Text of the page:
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Andrew Lansley pledges to cut a third of NHS admin spending


Conservative health spokesman Andrew Lansley has promised that a Tory government would cut spending on NHS admin by a third.

In his speech to the Conservative Party conference in Manchester today, he listed the increase in NHS managers among the running costs of primary care trusts that were ripe for streamlining.

“We are determined to shift NHS funds from the back office to doctors and nurses on the front line”

Andrew Lansley

He also highlighted the running costs of strategic health authorities and the Department of Health as the top targets for cuts. The cost of NHS quangos would also be cut by a third, he said.

The Tories have calculated that the annual cost of “NHS bureaucracy” is £4.38bn.

They say this is made up of £2.14bn for PCT running costs, £1.94bn for the cost of quangos, £200m for DH running costs, and £100m for SHA running costs.

Mr Lansley said that by the end of its fourth year in power the Conservative government would have cut spending on bureaucracy by a third to £3bn a year.

He said Labour had allowed wasteful spending to spiral. A Conservative government would cut it right back.

“We are determined to shift NHS funds from the back office to doctors and nurses on the front line,” he said.

“Our tough new approach will shift £1.5bn a year out to where it’s needed most,” he added.

NHS managers have been identified in the Conservative calculations of admin cuts. They say PCT spending on managers and senior managers has increased by 43 per cent since 2003-04.

Ms Lansley told delegates that all the money saved would be invested in frontline services.

The Conservatives also say they want to “drive efficiency” in hospitals but they want to do this at a local level.

Additionally, Mr Lansley outlined 12 public commitments on the NHS, including giving patients a choice over which consultant doctor would be responsible for their care


Readers' comments (2)

  • Martin Gray

    I applaud the Conservatives for showing a positive atitude towards cutting down on the administration costs of the NHS; it's long overdue and will hopefully ensure more money is available to improve care. It is also heart-warming that they can se the benefits of returning power to clinicians for organising care rather than have target-oriented managers spending cash on idiotic initiatives.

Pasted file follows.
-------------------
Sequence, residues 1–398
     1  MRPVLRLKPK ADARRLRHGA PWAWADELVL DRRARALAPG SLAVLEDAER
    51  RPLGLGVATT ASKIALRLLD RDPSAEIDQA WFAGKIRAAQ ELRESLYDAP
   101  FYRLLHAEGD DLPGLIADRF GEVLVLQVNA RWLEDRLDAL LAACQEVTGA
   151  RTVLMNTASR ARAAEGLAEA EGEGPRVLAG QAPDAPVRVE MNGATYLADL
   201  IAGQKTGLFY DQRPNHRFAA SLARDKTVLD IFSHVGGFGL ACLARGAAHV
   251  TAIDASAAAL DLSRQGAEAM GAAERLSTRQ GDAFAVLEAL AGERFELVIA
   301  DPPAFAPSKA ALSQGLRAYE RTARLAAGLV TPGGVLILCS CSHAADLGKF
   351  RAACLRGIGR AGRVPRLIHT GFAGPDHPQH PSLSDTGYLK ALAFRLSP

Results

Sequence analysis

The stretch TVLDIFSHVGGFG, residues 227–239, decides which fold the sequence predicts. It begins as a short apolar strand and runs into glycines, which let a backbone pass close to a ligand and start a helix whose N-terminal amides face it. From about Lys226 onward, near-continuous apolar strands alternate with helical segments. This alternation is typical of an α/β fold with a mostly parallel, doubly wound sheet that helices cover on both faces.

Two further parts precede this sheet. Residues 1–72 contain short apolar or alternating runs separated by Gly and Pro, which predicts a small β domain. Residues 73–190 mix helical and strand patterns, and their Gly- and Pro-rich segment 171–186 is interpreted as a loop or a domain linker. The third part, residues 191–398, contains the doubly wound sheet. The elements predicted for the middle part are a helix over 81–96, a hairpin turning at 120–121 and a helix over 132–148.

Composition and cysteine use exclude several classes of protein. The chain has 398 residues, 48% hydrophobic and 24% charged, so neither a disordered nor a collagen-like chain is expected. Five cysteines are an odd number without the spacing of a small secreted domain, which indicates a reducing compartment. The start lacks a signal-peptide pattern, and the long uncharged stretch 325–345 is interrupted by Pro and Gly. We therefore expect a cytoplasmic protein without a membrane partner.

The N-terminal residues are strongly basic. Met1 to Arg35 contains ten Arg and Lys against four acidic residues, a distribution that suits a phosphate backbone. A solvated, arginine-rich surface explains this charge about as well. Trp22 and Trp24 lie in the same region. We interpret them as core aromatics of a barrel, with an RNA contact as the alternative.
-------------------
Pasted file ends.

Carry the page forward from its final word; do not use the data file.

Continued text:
However I think they should be a little less keen to try and continue making public committments that may well prove impracvtical if not impossible. A good consultant or specialist may become inundated with requests for care, leading to a poorer standard of care and follow-up. It may well give the other consultants and specialists a wake up call, making them alter their practice so that they lose out on patients requesting to see them. If such professionals were paid per capita rather than a salary it may also add incentive to do so; the downside would be them taking on more patients than they can deal effectively with as they would be more mercenary in their outlook.

    Interestingly I happened to read the front page of the Sun recently ( as I waited for my take away - I certainly don't class it as a real newspaper) that they have stopped supporting labour and now favour the Conservatives for the next government. Shows how much the people have moved away from Labour!

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  • As a student nurse and former full time NA. It is refreshing and encouraging to hear this. Even at the start of three years of study I worry now about the lack of jobs when we graduate.

    Whereas before I was sure there would be.

    As for the above comment, deciding to read a tabloid as apposed to a broadsheet has nothing to do with intellect as far as I am aware. Both my parents are well educated and choose to read this paper. As have I myself. I always voted liberal too, so you're right people are changing with the times. But under no circumstance does the paper they choose to read impact on their judgment. I found your bracketed comment rude and snobbish.

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